- In only the first day of practice, with no contact, there is a lot of time left to evaluate player performances, but one thing is clear--based on body language, facial expressions, and demeanor, this is the most excited head coach John Bunting has looked to begin spring practice, his sixth at the helm. And a lot of that has to do with the quality of the staff he has in place, the best he's had since he's been at Carolina according to Bunting.
- Speaking of new coaches, offensive line coach Mark Weber appears to be a tactician who emphasizes fundamentals. He was breaking down instructions to the smallest details for the O-line on Friday afternoon. And it's clear that he has endeared him self to and gained the respect of his players already in his short time in his position.
- According to Bunting, more of the offense is already in place for the first day of spring practice than in the past. And this in spite of new terminology, no doubt due to the implementation by new offensive coordinator Frank Cignetti and Weber and their time together at Fresno State. There were lots of personnel groupings, lots of formations, and shifts and motions.
- It makes sense that the chemistry on offense between Cignetti and Weber is already there, but it appeared as if defensive tackles coach Ken Browning (pictured left) and new defensive ends coach Danny Pearman (pictured right) have been working together for years. They worked with their position groups individually and then brought the groups together seamlessly when it was time to work on common drills.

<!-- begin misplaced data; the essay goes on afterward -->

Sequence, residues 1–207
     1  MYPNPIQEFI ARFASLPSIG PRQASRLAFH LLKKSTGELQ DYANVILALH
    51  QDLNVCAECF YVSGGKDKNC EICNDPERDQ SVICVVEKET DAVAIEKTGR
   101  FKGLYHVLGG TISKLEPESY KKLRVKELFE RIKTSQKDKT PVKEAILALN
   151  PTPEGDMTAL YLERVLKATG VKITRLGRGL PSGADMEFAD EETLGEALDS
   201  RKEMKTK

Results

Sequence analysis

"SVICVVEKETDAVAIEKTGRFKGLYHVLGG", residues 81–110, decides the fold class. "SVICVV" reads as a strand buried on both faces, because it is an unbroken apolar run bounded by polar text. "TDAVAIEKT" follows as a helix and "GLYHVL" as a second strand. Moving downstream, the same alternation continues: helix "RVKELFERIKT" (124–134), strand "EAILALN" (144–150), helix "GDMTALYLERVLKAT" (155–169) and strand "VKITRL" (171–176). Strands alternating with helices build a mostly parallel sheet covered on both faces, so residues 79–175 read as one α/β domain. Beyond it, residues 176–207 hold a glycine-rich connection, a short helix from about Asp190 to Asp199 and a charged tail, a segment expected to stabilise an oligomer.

"It is really important when you have two guys working on the defensive line that they are joined at the hip," Browning said, "in terms of terminology and working together, and I think we'll be that way. It won't take long, and it is well on its way. That will make our kids play harder and faster. We can help each other and the players will help each other more to become a tighter-knit family out there…
"We want to have the flexibility to [work on our own and work together], whatever is best for that particular drill and those particular techniques that we are teaching. There will be enough difference in techniques that we won't do everything together, but there is enough similarity in some of the techniques that we will do those together."
- This year spring practice will be broken into two segments with five practices in the first segment leading up to spring break with shorts on the first two days and pads next week on Monday, Wednesday, and Thursday. The final 10 sessions will resume in the second segment beginning March 22 and ending with the Spring Game on April the eighth. The focus of the first segment is installing the offense and developing young players, according to Bunting: "This first week is installation, installation, installation."
- The race for starting quarterback will be a marathon between now and game week of the home opener against Rutgers on Sept. 2nd. Transfer Joe Dailey and red-shirt Cam Sexton will push each other every day between now and then. Both showed the necessary skills to get the job done on the first day of practice, but Dailey looked more consistent on this day, in my eyes.
- With such great personnel losses at wide receiver, there is plenty of opportunity for young players to fill the void. Brooks Foster, Kenton Thorton, and Dirk Engram are likely candidates along with Brandon Tate, once he sheds his red jersey and begins to participate.
- With Ronnie McGill and Barrington Edwards as proven commodities at tailback, the UNC coaching staff is giving some of the younger players a chance to prove that they deserve repetitions this spring: Justin Warren, Antwain Carey, Richie Rich, R.J. Waters, and Bobby Rome.
Spring Football Notebook
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